In my search for a plane I landed on the Bonanza A36. The same plane that Matt is flying around the world! But in the process quite the debate started with the V-tail.

In Defense of the V-Tail Bonanza, Paul says...




"The v-tail is overbuilt to the Utility standard, stressed to higher g factors, ultimate load factors etc....has been since 1949.

The v-tail enjoys a relatively good safety record despite the hyperbole surrounding "that funny tail,"

The vtail is by far the most tested, examined,scrutinized airplane flying. The only civil aero plane built with real wind tunnel aerodynamics as a large part of its design. Dive testing to 300 mph. Drop testing of the landing gear (dropping the airplane 20 ft or so, I forget, to test its ruggedness (all that did was pop the tires) There were many built (10,400 approx) and thus the pool is quite large. Accident statistics can be presented that are scary to the uninformed observer.

There was a rash of airplanes spit out the bottom of some thunderstorms, in pieces, or found to have poorly balanced or non balanced tail surfaces after painting or changes to its weight (maintenance induced flutter) that contributed to this run of inflight break ups. More than 70% of them involved convective activity in some way. Regardless, for a time, there was as opened restriction while Beech tried to find out what was going on. They found nothing.they were told to try again or the FAA would take over. They loaded it to gross weight......

Took It to every extreme imaginable.


The only finding was some flutter at a very narrow corner of the envelope. Hard to configure but nevertheless it was obtainable. They put a small cuff on the leading edge joint of the horizontal stab and the fuselage to protect against flutter, but more importantly...demanded that every vtail get their tail surfaces balanced, and to a tighter specification. In inch/pounds 16.8 to 19.6 or close to that. An Airworthiness Directive was issued to mandate inspection of the tail, installation of the aforementioned cuff, and repeated inspections every 100 hrs of the tail...it also mandated rebalance of the ruddervators after painting, etc.

At the same time as this, there was an emphasis put on weather and weather avoidance in pilot training, along with the first generations of spherics, lightning detectors that helped pilots AVOID T-storms and bad weather in general. Convective activity, sigmets and other tools became available. This is all in the early to mid 80s.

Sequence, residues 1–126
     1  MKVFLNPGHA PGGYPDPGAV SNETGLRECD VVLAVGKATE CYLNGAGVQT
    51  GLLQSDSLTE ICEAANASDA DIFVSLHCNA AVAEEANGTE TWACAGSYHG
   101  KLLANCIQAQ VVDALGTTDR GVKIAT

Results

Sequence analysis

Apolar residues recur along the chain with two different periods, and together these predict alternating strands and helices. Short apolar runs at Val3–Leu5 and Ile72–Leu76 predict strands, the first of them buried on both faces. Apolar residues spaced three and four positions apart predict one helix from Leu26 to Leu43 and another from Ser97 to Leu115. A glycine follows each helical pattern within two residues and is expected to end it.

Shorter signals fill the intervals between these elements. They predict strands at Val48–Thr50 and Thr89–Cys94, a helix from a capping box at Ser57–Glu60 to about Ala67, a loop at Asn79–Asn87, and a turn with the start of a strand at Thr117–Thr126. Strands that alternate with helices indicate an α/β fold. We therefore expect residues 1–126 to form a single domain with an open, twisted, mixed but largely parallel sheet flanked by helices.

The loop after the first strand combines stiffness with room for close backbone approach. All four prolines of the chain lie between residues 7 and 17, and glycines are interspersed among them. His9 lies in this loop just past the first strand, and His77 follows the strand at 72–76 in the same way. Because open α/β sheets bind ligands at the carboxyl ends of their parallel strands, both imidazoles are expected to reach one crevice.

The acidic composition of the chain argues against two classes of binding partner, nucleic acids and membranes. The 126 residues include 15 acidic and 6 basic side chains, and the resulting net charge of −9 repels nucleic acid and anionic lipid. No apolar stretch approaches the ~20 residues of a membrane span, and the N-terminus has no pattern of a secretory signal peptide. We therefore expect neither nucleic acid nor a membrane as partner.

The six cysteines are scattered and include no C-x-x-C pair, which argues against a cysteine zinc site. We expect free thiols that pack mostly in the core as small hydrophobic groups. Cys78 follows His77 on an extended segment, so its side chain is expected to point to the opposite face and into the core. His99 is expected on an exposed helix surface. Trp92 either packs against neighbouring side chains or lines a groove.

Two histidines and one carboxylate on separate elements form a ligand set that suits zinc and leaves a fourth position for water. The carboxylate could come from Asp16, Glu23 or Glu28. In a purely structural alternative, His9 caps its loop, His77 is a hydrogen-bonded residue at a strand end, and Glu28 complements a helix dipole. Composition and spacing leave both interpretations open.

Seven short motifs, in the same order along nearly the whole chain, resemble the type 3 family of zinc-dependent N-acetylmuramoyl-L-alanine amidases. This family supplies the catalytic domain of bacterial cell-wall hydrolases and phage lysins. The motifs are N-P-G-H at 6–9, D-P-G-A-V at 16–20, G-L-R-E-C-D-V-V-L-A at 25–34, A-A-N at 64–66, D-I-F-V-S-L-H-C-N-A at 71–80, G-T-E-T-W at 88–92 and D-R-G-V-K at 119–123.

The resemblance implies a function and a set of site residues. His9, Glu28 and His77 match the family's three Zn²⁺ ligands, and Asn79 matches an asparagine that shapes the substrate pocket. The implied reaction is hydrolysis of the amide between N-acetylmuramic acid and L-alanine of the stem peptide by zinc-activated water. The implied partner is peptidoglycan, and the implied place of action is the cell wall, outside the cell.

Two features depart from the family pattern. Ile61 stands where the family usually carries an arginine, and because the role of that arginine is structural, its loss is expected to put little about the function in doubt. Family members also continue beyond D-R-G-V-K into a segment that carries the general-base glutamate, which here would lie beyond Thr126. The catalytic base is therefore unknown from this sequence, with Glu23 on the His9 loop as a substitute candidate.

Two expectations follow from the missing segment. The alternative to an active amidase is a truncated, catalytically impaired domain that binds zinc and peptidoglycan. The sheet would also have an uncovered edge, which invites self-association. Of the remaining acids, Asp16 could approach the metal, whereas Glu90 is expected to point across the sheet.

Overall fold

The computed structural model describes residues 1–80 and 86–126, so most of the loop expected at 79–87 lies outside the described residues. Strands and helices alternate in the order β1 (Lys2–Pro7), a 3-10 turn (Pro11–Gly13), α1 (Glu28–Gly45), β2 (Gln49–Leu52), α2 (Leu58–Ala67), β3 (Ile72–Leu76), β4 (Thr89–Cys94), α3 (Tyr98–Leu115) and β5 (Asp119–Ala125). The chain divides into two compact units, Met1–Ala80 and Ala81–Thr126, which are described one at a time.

Well, the result of all this has been the Bonanza now having one of the better safety records among high-perf complex airplanes...with the only inflight break ups over the last 20 yrs occurring, according to NTSB reports, with convective activity, and loss of control resulting in overspeed and exceeding the airplane's ultimate load factor as causal factors.

The V Tail bonanza is a safe airplane. It's as safe as the pilot can make it. The tails don't "just fall off". I've been asked this question at an airshow once. In the inflight break ups studied, the tail never did "just fall off" anyway. Upon exceeding the Maximum Load factor the wings would fail first, followed by the tail.


The Maximum load Factor on the Bonanza is roughly 16% higher than the rest of the civilian fleet of airplanes as Walter Beech chose to illustrate its structural integrity by building the airframe to the Utility standard, rather than the Normal standard that Cessna, Piper, and all other certified civilian airplanes were built. This means you enjoy an ultimate load factor of 8g. This comes to inflight loads of over 11 tons as they also chose to keep the airframe certified in the Utility category at full gross weight, as well.

Well, I just sitting around and decided to give you my little story about the Bonanza and Debonair. Yes, they are strong. And safe.

 

I've decided if anyone asks me if the tails fall off, I'm going to answer, "Yep, with no warning! I've been lucky so far, but TODAY, WELL, YOU NEVER KNOW!!!!!!" 

Enjoy the Journey!
XO Karlene

Wednesday, April 9, 2014

Aviation Humor

Truth is funnier than fiction!

ATC: "Delta 351, you have traffic at 10 o'clock, 6 miles!"

Delta 351: "Give us another hint! We have digital watches!"



Tower: "TWA 2341, for noise abatement turn right 45 Degrees."

TWA 2341: "Center, we are at 35,000 feet. How much noise can we make up here?"

Tower: "Sir, have you ever heard the noise a 747 makes when it hits a 727?"